The DC Neighborhood Portal

A wall-sized video screen, installed in a vacant Dupont Circle storefront, shows a live video of an identical setup in a Georgetown storefront. Here's what happens: you'll walk by, notice the life-size people on the screen, and stop when you realize that the people on the other side can see you too.

There's no sound. You can tell it's someplace nearby, but it will take a while to figure out where the other camera is. You and the people on the other side will look at each other and share a "What is this thing? Can they really see me?" moment. You might smile, laugh, and pantomime to each other. The feed is automatic, and is on every night from dusk until midnight for a month.

This is the first stage of this project, which is really a testing stage. The next stages, instead of connecting Dupont and Georgetown, will connect Dupont and Brooklyn; or Dupont and Topeka, Kansas; or Dupont and Berlin; or Dupont and a refugee camp in Africa. The video feed is really just a glorified Skype connection between two laptops, using cheap video projectors to enlarge the image.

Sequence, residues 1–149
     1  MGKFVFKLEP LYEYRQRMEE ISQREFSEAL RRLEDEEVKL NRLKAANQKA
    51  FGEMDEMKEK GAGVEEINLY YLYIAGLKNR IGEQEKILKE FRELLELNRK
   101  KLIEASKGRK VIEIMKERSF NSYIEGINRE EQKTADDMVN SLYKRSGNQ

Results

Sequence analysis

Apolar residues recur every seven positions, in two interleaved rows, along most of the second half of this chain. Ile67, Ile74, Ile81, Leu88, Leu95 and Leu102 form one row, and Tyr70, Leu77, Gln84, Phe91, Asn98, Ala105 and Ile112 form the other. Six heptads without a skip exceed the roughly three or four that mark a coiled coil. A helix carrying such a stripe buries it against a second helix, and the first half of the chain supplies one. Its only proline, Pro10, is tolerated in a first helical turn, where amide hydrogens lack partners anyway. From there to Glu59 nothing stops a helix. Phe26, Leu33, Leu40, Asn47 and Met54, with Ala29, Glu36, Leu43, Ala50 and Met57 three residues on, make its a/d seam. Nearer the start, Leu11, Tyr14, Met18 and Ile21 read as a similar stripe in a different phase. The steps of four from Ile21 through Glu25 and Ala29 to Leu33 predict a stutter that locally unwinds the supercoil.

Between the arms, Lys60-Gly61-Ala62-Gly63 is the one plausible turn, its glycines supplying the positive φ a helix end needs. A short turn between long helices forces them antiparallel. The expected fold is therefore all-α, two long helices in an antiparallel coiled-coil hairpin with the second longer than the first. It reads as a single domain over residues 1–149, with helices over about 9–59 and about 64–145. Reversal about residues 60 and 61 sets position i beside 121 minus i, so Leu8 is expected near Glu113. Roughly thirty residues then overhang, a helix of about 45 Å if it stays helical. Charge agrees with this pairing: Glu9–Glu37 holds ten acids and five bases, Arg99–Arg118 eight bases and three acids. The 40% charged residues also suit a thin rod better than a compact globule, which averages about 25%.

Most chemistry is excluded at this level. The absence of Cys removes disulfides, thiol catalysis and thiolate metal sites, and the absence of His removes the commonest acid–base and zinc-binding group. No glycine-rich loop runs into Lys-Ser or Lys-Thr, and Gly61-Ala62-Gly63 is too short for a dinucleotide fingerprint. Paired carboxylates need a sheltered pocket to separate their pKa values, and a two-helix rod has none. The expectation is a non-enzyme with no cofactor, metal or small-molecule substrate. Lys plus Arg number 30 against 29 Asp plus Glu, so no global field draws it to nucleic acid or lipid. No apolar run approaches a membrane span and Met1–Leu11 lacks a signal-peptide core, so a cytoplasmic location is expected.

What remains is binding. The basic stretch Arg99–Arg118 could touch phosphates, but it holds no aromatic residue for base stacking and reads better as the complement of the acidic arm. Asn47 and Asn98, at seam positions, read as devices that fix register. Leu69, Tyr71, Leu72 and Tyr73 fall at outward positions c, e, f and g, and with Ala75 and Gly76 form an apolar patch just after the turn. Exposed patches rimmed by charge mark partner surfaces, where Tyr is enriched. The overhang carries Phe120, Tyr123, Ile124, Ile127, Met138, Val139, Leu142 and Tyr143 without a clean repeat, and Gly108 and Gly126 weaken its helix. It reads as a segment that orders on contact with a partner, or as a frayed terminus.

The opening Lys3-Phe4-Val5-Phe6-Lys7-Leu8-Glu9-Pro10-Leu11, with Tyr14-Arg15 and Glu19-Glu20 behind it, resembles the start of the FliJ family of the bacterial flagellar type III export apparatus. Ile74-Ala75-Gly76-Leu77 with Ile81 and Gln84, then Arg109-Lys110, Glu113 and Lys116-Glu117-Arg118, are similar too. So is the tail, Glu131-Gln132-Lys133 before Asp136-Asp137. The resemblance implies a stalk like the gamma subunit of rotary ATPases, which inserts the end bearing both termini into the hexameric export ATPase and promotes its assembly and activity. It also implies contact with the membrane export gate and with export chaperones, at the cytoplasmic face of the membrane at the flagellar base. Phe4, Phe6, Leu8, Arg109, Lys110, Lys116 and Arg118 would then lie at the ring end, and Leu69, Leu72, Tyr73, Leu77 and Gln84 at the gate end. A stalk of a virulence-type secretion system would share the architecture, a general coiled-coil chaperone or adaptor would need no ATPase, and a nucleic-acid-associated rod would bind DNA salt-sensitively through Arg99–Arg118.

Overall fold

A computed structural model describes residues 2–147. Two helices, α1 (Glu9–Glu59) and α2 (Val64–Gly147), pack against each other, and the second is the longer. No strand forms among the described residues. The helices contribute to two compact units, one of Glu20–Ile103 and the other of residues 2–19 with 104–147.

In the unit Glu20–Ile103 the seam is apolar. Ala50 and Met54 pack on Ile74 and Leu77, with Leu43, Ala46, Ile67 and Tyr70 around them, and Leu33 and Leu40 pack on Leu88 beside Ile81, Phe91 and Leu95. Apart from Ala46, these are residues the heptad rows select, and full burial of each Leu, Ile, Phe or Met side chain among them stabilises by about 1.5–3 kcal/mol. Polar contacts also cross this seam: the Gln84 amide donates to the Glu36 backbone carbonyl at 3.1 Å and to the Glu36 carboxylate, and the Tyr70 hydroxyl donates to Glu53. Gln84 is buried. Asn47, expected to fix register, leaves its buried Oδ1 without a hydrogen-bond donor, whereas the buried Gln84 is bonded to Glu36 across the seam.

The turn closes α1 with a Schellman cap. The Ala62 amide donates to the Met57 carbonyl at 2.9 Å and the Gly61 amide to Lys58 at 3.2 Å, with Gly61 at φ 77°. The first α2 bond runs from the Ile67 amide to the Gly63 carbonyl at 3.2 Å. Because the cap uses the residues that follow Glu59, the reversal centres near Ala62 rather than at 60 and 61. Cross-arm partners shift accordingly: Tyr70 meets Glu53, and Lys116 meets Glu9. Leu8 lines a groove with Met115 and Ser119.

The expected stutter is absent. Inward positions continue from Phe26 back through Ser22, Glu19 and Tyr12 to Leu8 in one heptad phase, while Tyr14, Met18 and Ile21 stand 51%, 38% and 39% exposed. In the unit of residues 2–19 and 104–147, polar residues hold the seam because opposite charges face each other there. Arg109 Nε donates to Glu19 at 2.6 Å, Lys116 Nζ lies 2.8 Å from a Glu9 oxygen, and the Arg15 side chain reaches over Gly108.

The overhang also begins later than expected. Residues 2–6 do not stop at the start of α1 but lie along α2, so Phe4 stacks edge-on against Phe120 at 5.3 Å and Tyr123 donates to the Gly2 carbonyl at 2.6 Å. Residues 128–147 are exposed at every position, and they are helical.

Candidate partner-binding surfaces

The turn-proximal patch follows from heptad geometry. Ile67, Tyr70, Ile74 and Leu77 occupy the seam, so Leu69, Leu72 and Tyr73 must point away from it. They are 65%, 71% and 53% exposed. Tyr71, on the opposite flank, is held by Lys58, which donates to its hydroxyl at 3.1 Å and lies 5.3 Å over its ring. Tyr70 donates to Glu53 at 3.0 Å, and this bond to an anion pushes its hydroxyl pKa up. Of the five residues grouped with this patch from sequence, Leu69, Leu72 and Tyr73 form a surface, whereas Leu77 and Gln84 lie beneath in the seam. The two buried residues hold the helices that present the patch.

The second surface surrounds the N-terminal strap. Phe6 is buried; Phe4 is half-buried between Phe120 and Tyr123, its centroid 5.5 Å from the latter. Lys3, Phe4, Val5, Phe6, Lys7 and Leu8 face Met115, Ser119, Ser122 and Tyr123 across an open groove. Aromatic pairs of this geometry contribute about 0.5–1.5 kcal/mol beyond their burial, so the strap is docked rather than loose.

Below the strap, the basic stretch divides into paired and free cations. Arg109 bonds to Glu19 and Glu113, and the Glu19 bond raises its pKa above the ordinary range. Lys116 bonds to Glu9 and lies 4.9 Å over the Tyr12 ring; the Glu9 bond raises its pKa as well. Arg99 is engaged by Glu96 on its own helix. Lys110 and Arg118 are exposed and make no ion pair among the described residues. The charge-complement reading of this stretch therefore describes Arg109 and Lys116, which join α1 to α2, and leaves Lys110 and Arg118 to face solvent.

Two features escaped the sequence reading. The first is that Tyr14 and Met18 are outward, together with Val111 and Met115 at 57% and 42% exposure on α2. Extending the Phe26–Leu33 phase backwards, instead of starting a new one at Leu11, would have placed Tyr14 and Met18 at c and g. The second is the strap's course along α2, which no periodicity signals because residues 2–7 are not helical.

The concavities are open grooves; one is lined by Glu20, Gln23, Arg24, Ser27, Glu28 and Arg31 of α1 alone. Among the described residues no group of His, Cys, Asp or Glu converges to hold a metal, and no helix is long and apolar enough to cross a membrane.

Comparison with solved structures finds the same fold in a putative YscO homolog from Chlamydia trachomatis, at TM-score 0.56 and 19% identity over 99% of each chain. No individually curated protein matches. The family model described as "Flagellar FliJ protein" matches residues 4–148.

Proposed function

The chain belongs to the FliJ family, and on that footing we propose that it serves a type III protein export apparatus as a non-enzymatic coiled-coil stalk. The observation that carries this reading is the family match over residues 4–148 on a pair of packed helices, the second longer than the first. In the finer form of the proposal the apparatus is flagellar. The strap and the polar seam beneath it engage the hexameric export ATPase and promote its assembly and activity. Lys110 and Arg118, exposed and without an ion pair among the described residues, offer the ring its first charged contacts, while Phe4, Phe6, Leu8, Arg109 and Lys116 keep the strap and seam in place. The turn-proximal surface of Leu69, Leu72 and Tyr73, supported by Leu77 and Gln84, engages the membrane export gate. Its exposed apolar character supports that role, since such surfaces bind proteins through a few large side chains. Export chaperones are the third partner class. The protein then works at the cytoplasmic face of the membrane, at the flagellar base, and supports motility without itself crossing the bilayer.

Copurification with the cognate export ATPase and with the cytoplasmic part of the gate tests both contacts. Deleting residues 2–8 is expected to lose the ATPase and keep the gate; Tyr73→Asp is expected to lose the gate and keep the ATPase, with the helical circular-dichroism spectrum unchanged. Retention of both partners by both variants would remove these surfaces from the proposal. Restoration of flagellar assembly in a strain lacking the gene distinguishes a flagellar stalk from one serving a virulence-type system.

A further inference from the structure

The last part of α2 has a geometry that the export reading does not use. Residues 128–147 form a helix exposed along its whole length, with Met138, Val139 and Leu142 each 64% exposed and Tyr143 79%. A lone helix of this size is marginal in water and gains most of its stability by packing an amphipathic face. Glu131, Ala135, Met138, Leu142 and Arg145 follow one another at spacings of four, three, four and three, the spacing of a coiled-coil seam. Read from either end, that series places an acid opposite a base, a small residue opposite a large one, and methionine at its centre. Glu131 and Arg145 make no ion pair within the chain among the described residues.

This stage is also a test of how passersby react. Colleagues and I will be watching in real life and online, taking regular screenshots (to be curated into a tumblr) and experimenting with the setup during the run. Are people nice or mean when they can anonymously interact with someone across town? Does the exhibit need any written explanation at all? (My guess is no.) Does it seem scary and governmental, or friendly and fun? What if the two parties could communicate via text message or chat feed?

We'll let DCist and other local media know about it and the story behind it, including your support and involvement, but otherwise the signage and branding is very low-key.

TL; DR: A wall-sized outdoor live Skype feed between Dupont and Georgetown. Strangers look at each other and interact. No audio. Someday, the setup will connect two places across the world rather than across town.

Financiado pelo capítulo Washington, DC (April 2013)